South Florida Sun-Sentinel (Sunday) - - Lo­cal - [email protected]­sen­, 954-356-4550 or Twit­ter @broward­pol­i­tics

polling places “are in­her­ently de­fec­tive as to the chain of cus­tody for the elec­tronic votes.” Canova as­serted that the modems in the ma­chines “ren­der them highly sus­cep­ti­ble to out­side hack­ing and in­side soft­ware ma­nip­u­la­tion.”

■ Bal­lots on elec­tion night were, in at least some cases, ac­com­pa­nied by just one per­son, which al­lowed in­di­vid­u­als “the im­proper op­por­tu­nity to do any­thing they want with the bal­lots.”

■ Snipes posed for a pic­ture with Wasser­man Schultz on Oct. 27, show­ing “an ar­ro­gant dis­re­gard to avoid even the ap­pear­ance of a con­flict of in­ter­est in the su­per­vi­sion of the 2018 elec­tion.”

■ A sig­nif­i­cant num­ber of un­der­votes, where peo­ple voted in other races, “may mean that le­git­i­mate votes have ei­ther not been counted or have been dis­carded.”

Con­gres­sional races in Con­gres­sional can­di­date Tim Canova, on the fi­nal day of the Florida State As­so­ci­a­tion of Su­per­vi­sors of Elec­tions con­fer­ence in Fort Laud­erdale on May 24, where he of­fered crit­i­cisms of Broward Elec­tions Su­per­vi­sor Brenda Snipes to the news me­dia.

Broward were placed in the lower left cor­ner of the bal­lot, be­low the in­struc­tions, a place­ment that ap­par­ently caused mas­sive un­der

vot­ing in the U.S. Se­nate race, con­tribut­ing to in­cum­bent Demo­crat Bill Nel­son’s de­feat. Dur­ing the re­count in the Se­nate race, there wasn’t ev­i­dence of votes not counted or dis­carded. The law­suit as­serts that the lo­ca­tion of the race on the bal­lot “is un­likely to be the sole rea­son for the high un­der­vote.”

Snipes’ over­all han­dling of the 2018 elec­tion, in­clud­ing missed dead­lines, a 2,040-bal­lot dis­crep­ancy dur­ing re­count­ing and the con­fus­ing bal­lot de­sign, gen­er­ated mas­sive crit­i­cism.

In mid-Novem­ber, Snipes said she would re­sign in Jan­uary. On Nov. 30, Gov. Rick Scott sus­pended and re­placed Snipes, cit­ing “mis­fea­sance, in­com­pe­tence and ne­glect of duty.”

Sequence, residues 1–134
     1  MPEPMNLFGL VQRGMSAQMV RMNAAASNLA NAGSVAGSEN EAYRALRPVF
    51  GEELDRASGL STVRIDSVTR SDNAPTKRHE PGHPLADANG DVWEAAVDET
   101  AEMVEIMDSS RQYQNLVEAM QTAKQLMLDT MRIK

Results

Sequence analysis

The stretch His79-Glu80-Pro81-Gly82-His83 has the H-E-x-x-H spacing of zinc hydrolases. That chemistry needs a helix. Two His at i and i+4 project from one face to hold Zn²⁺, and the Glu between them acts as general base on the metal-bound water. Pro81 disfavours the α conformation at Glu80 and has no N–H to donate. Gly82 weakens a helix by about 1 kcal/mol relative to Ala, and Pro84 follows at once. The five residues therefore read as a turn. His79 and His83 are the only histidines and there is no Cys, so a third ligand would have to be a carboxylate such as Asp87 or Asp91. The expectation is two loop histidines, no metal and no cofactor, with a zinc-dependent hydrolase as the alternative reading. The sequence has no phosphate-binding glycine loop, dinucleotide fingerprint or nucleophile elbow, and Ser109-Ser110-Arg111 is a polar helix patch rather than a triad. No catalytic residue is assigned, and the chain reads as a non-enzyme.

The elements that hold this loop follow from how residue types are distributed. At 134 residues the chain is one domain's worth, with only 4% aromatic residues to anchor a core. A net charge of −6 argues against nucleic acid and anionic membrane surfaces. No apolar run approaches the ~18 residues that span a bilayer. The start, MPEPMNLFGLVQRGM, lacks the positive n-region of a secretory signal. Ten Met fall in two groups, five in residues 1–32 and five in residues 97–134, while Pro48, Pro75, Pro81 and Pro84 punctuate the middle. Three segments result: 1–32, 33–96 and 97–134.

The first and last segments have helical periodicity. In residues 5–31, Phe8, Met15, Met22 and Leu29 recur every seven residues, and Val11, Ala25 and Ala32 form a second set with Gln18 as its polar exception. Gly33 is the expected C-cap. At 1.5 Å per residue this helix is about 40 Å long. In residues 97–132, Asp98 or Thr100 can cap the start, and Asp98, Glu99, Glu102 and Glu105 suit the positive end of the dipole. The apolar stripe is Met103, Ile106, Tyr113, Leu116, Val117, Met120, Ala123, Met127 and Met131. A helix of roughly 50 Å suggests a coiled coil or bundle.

Much of Canova’s com­plaint in the cur­rent case re­peats his dis­pute with Snipes over the 2016 Demo­cratic con­gres­sional pri­mary, which Canova lost to Wasser­man Schultz.

A Broward cir­cuit court judge ruled in May that Snipes’ of­fice broke fed­eral and state law by de­stroy­ing bal­lots too soon af­ter the Au­gust 2016 pri­mary. Snipes signed the bal­lot destruc­tion or­der a year af­ter the pri­mary; the law re­quires

preser­va­tion of the bal­lots for 22 months.

The bal­lots were de­stroyed even though a sep­a­rate Canova law­suit seek­ing ac­cess to the bal­lots was pend­ing.

Canova, who lives in Hol­ly­wood, is a pro­fes­sor of law and pub­lic fi­nance at Nova South­east­ern Univer­sity. Wasser­man Schultz, a We­ston res­i­dent, is serv­ing her seventh term in Congress. Two other can­di­dates were on the bal­lot in Novem­ber: Repub­li­can Joe Kauf­man, who won 36 per­cent of the vote, and no party af­fil­i­a­tion can­di­date Don En­driss, who re­ceived 0.6 per­cent.

The state Elec­tions Can­vass­ing Com­mis­sion, a de­fen­dant in the Canova suit, de­ter­mines who is elected in pres­i­den­tial, state of­fice and con­gres­sional con­tests. The state Divi­sion of Elec­tions, part of the Sec­re­tary of State’s Of­fice, op­er­ates as the staff for the com­mis­sion. Sarah Rev­ell, spokes­woman for the agency, said by email she couldn’t com­ment on pend­ing lit­i­ga­tion.

Wasser­man Schultz’s spokesman de­clined to com­ment.


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